Press Center

Securing a Brighter Future for Washington's Wildlife

One of the best ways to restore Washington's biodiversity is funding WDFW

Washington State is home to a diverse range of wildlife, from shorebirds and songbirds to bull trout and pronghorn antelope. However, these species and their habitats are under threat from a rapidly changing climate, habitat loss, and other environmental pressures. That's why we’re calling on every conservation-minded Washingtonian to support the Department of Fish and Wildlife’s (WDFW) biodiversity recovery efforts and ensure that these species are here for future generations. 

Support WDFW’s Biodiversity Initiatives 

WDFW's request for funding will support the implementation of conservation actions outlined in the State Wildlife Action Plan and the 2007 Washington Biodiversity Conservation Strategy. These actions will help improve and connect habitats, recover at-risk species, and provide ongoing recreational and educational opportunities for people. 

Cedar Waxwing. Photo: David Solas

One of the key ways that WDFW will advance these efforts is by filling science gaps and researching critical questions related to species of greatest conservation need (SGCN). This research will inform management decisions and help ensure that at-risk species are given the best chance of survival. 

WDFW will also protect and restore habitats by working with local communities and conservation partners to implement habitat restoration projects. The agency will share data on land use and the effects of habitat restoration to increase our understanding of how we can best protect these habitats in the future.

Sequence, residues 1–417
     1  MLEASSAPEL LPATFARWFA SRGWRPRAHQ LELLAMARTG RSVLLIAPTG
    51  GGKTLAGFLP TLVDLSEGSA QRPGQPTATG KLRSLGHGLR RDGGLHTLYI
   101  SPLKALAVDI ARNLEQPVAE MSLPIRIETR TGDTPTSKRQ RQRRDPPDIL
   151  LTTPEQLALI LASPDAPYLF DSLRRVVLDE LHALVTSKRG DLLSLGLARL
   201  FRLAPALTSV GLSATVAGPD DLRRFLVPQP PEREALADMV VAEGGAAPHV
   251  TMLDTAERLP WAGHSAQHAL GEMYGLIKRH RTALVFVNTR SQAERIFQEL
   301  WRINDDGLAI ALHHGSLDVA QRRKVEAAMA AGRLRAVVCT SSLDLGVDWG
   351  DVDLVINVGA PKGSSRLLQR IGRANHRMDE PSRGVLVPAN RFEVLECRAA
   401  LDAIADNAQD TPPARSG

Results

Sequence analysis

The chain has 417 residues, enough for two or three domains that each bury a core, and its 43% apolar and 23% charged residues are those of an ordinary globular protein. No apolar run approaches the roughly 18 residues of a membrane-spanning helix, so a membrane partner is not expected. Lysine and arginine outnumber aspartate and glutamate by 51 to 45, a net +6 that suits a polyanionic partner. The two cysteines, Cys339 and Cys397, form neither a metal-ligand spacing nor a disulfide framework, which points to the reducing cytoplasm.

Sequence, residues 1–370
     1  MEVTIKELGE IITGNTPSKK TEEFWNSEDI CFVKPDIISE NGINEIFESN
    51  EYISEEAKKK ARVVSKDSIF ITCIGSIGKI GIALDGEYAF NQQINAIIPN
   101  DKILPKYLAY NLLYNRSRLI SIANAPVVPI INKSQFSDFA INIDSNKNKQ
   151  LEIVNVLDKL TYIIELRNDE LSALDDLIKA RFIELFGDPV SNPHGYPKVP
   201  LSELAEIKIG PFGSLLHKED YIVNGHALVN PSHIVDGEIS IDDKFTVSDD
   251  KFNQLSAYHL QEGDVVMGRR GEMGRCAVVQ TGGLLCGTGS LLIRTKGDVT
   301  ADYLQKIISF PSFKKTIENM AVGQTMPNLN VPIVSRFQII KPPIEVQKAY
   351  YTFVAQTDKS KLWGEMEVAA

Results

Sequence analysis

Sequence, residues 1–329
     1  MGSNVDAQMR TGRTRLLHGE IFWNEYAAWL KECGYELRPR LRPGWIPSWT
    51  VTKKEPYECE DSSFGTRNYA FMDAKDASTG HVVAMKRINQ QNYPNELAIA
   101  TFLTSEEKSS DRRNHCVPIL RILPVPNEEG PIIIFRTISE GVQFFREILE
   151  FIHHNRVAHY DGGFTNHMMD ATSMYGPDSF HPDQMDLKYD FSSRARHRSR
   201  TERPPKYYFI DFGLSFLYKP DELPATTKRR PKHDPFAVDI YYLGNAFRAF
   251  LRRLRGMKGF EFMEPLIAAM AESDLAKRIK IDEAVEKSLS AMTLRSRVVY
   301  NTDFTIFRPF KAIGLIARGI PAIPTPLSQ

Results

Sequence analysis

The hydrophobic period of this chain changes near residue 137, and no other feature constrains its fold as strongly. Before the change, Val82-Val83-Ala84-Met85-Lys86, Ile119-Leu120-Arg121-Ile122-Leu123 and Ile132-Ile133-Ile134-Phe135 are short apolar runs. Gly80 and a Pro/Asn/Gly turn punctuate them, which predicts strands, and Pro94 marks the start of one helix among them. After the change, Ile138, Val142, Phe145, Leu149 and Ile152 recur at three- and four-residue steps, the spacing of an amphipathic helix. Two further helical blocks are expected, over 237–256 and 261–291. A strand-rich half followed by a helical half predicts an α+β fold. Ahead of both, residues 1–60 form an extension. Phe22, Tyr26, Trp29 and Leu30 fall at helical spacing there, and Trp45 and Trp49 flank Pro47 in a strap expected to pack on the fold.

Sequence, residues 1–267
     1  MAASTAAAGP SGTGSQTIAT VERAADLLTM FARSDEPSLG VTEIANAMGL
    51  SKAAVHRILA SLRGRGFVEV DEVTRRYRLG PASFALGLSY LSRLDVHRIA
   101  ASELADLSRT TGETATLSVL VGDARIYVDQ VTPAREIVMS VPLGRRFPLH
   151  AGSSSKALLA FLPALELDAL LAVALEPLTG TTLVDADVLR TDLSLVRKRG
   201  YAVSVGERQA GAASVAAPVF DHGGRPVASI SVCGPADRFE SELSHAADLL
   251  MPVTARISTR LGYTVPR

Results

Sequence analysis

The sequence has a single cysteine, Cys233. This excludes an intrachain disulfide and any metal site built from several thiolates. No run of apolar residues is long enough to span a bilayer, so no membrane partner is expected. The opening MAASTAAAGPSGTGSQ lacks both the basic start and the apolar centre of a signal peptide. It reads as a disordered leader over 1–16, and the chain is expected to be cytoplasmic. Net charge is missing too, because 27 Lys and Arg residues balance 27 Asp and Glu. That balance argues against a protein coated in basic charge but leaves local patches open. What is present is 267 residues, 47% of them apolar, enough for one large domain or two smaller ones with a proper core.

Outreach and communication will also play a crucial role in WDFW's efforts to restore Washington's biodiversity. By increasing outreach and communications, the agency hopes to support people in coexisting with wildlife and promoting conservation. Additionally, WDFW will expand conservation education opportunities, both formal and informal, to engage people in the importance of wildlife conservation. 

The future of Washington's wildlife is in our hands, and WDFW's request for funding is a crucial step in securing a brighter future for these species. Whether you're a birder, a conservationist, or simply someone who loves wildlife, your support can make a difference. Let's work together to ensure that species like the Great Gray Owl and Sagebrush Sparrow are here for future generations to enjoy. 

Email your legislator and ask them to support WDFW’s $47M biodiversity budget request  

How you can help, right now